Dozens join Bahrain hunger strike

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A woman runs to look for a cover from tear gas fired by riot police towards demonstrators during clashes with anti-government protesters in the district of Sitra in Bahrain 24 March 2012. (Photo: Reuters - Ahmed Jadallah)

Published Monday, March 26, 2012

Dozens of Bahrainis are beginning a hunger strike on Monday in solidarity with human rights leader Abdulhadi Al-Khawaja, who has now gone 46 days without food.

The protest will begin with a march in the capital Manama, with activists planning to walk silently through the streets to highlight the lack of international media coverage.

Afterwards activists will publicly pledge to refuse food to highlight Al-Khawaja's plight.

Al-Khawaja, also a Danish citizen and founder of the Gulf Center for Human Rights, was sentenced to life in prison in June 2011 for organizing peaceful protests calling for democratic reform in the tiny Gulf state.

Said Yousif, deputy head of the Bahrain Center for Human Rights (BCHR), said organizers were expecting around 50 people to participate in open-ended hunger strikes.

"It will be a call to the international community and the UN and the Danish government to save him, and ask for his urgent release before he dies," he said.

The BCHR on Monday produced a report documenting continued human rights abuses committed by Bahraini security forces since a government-commissioned human rights report in November last year.

At least 31 people have been killed since the government-funded Bahrain Independent Commission of Inquiry highlighted systematic methods of abuse deployed by security forces, the report said.

Twenty of those recently killed, BCHR claimed, were due to suffocation from excessive use of tear gas.

Victims are often placed in isolated detention centers, where they are tortured and beaten without access to medical care, the report said.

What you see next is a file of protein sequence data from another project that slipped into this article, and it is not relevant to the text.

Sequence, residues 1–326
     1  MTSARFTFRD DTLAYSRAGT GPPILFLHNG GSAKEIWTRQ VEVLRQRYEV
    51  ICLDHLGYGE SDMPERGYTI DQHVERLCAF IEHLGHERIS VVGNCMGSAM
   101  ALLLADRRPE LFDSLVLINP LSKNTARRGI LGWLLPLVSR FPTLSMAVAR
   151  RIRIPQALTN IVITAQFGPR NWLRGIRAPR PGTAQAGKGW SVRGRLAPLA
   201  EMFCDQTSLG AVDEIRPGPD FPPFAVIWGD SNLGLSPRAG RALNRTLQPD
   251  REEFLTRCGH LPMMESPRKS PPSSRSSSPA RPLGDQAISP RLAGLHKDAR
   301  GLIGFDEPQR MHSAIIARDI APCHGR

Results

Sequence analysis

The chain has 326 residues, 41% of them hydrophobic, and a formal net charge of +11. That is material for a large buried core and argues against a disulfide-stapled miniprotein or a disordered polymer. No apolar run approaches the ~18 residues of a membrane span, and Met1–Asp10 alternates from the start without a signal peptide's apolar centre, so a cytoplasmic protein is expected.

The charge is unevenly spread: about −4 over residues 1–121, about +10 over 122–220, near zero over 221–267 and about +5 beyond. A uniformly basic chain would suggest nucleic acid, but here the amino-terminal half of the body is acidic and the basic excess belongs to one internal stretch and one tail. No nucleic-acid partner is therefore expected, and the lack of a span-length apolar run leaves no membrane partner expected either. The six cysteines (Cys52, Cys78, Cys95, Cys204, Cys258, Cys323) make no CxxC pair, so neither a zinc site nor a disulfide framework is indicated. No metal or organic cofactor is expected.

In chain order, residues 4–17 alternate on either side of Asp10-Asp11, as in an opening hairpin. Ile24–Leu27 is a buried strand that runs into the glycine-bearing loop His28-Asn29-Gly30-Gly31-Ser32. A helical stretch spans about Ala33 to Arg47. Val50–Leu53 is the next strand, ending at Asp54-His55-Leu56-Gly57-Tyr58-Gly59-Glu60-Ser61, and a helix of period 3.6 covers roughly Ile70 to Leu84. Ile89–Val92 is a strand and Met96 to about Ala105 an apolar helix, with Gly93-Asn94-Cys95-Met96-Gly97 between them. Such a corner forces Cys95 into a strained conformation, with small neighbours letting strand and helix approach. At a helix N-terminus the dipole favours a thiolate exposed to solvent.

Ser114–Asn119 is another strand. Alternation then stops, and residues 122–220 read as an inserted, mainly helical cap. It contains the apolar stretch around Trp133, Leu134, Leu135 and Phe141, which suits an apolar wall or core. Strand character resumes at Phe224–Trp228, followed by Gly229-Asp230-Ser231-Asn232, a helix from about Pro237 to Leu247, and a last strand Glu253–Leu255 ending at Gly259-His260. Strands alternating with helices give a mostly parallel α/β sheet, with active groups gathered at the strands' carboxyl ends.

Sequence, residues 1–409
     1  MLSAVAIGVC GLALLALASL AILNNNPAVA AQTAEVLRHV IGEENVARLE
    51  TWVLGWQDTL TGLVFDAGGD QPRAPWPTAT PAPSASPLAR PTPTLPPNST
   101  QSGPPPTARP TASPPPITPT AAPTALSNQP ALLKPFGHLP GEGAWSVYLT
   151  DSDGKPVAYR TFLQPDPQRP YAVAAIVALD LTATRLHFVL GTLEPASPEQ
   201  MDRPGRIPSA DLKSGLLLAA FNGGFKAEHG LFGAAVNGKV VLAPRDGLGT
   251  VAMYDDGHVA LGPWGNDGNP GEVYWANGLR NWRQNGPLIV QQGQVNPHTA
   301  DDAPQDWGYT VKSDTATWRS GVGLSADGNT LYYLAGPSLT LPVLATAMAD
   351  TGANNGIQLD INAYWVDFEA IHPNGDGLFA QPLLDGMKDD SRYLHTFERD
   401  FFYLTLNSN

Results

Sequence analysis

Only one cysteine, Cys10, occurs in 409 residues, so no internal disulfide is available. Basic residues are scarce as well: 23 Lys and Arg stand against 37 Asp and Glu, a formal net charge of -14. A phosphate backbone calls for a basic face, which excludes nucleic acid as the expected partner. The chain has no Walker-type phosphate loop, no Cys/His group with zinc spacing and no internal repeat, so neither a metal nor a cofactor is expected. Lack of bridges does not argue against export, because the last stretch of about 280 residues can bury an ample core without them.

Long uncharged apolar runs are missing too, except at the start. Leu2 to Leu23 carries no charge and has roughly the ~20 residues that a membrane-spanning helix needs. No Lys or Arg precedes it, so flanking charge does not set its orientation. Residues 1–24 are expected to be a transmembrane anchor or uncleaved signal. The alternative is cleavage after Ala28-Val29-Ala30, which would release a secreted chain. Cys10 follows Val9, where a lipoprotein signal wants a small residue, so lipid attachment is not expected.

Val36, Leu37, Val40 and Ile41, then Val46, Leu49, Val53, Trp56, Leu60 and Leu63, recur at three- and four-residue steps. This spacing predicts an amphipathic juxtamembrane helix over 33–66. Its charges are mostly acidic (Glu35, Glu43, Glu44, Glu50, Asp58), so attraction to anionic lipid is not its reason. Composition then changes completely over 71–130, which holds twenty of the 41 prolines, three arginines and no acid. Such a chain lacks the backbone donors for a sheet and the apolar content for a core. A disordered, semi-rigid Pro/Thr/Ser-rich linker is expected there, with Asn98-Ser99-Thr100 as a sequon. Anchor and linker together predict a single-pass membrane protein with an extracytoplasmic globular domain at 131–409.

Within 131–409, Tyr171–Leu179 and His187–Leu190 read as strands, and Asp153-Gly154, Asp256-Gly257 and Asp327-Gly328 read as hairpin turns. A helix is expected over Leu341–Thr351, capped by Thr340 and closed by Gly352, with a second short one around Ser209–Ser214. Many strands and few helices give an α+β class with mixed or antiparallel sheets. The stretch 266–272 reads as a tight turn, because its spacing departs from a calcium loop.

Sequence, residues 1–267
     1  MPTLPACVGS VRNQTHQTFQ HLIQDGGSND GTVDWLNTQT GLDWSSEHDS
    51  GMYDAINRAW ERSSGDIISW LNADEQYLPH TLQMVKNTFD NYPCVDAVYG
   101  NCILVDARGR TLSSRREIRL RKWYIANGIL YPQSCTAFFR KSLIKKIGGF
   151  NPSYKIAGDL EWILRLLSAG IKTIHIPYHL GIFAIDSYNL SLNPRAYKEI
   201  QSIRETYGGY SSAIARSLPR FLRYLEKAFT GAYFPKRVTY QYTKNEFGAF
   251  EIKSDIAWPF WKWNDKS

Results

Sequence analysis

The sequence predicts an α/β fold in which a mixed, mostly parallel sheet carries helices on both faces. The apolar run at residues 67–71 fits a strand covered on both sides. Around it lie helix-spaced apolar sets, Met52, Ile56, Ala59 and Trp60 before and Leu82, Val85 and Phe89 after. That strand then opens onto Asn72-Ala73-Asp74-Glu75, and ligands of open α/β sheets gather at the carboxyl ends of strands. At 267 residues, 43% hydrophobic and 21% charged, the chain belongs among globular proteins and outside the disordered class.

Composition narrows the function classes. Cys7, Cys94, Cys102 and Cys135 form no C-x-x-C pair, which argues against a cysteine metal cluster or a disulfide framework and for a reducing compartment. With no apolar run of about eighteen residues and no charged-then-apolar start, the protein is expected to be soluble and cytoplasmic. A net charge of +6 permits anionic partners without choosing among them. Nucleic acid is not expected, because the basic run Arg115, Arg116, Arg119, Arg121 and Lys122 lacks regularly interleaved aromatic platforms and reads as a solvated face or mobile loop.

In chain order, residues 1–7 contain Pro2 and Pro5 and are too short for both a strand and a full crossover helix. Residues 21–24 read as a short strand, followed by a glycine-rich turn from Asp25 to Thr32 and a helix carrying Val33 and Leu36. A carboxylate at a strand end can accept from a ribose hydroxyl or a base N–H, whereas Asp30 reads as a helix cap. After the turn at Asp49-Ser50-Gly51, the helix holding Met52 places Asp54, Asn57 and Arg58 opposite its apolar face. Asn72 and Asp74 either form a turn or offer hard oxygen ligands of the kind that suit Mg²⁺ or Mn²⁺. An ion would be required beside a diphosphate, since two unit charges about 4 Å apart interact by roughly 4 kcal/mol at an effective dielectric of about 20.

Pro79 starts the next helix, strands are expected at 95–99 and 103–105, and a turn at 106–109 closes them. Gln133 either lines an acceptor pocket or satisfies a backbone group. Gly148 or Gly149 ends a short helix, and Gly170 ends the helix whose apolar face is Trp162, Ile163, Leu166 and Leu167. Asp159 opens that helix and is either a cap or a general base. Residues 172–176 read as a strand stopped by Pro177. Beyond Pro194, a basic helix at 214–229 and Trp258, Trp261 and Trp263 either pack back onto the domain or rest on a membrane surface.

It detailed the story of 16-year-old Ali Al-Singace who was kidnapped and abused five times for refusing to become an informant for the Bahraini authorities.

The BHCR called on the Bahraini government to “immediately end ongoing rights violations” and to make those concerned accountable for their actions.

It also urges the EU and the US cease all arms deals with the Bahraini regime, a key American ally and home to the US Fifth Fleet.

Bahrain has witnessed more than a year of unrest with protesters demanding democratic reform.



No one said Bahrain is Syria.
UN, the BICI report (which Hamad accepted, so why don't you?) and over 50 Human Rights organisations all confirm torture & deaths. The Gvt is only talking & writing about reform; there is no change on the ground.
The police force have acted with increasing violence since the 21st Dec 2011, which was the date the UN gave their report after a visit to Bahrain.
The UN Special Rapporteur was to visit Bahrain in March but has been told not to visit until July. F1 supporters can get a 14 day visa but no human rights organisation can get one longer than 5 days and weekends are forbidden!
The illegal and unelected king manipulates people by pandering to their greed; they like the life he 'gives' them and feel indebted. Change is therefore not wanted by those who put self first. Anyone with compassion for the whole of Bahrain wants all to have their human rights - article 5 and 21 are violated, as well as others. In fact as the will of the king & basically the will of the PM rule, and not the will of the people, NO ONE in Bahrain enjoys their basic human right outlined in Article 21! That is appalling.
BICI insisted Khawaja be freed; his torture is well documented in BICI & his trial was farcical. To be locked up for life for demanding human rights for all is medieval. His hunger strike and that of those joining him is to highlight how right UN & BICI & all HRDs are; Bahrain is oppressed by cruel tyrants.

Dozens? We’ll believe that when we see it. What does a mass hunger strike hope to achieve beyond trying to keep the protest movement's pot boiling? We have tolerated the protest movement for over a year now while they have run our country into the ground without showing any interest in sitting down with the other components of Bahrain's society and reaching consensus.

The BCHR is not an impartial observer but a leading component of the protest movement. Its dossier of "tear gas deaths" has suddenly appeared now that a better-trained Bahraini police force is acting with greater restraint - suddenly everybody who dies in their beds is a tear gas victim. The opposition continue to try and portray our beautiful country as another Syria, they'll fail because it isn't.

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